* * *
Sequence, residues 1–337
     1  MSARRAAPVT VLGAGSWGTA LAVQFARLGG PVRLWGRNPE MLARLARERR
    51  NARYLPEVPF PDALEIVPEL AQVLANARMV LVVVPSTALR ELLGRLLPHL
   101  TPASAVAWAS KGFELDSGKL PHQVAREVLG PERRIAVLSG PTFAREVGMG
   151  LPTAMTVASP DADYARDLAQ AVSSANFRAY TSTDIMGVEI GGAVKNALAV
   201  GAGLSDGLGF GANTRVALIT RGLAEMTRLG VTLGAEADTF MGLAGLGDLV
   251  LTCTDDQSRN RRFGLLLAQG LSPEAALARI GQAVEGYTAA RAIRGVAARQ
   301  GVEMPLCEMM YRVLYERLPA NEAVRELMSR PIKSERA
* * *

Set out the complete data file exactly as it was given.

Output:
Sequence, residues 1–337
     1  MSARRAAPVT VLGAGSWGTA LAVQFARLGG PVRLWGRNPE MLARLARERR
    51  NARYLPEVPF PDALEIVPEL AQVLANARMV LVVVPSTALR ELLGRLLPHL
   101  TPASAVAWAS KGFELDSGKL PHQVAREVLG PERRIAVLSG PTFAREVGMG
   151  LPTAMTVASP DADYARDLAQ AVSSANFRAY TSTDIMGVEI GGAVKNALAV
   201  GAGLSDGLGF GANTRVALIT RGLAEMTRLG VTLGAEADTF MGLAGLGDLV
   251  LTCTDDQSRN RRFGLLLAQG LSPEAALARI GQAVEGYTAA RAIRGVAARQ
   301  GVEMPLCEMM YRVLYERLPA NEAVRELMSR PIKSERA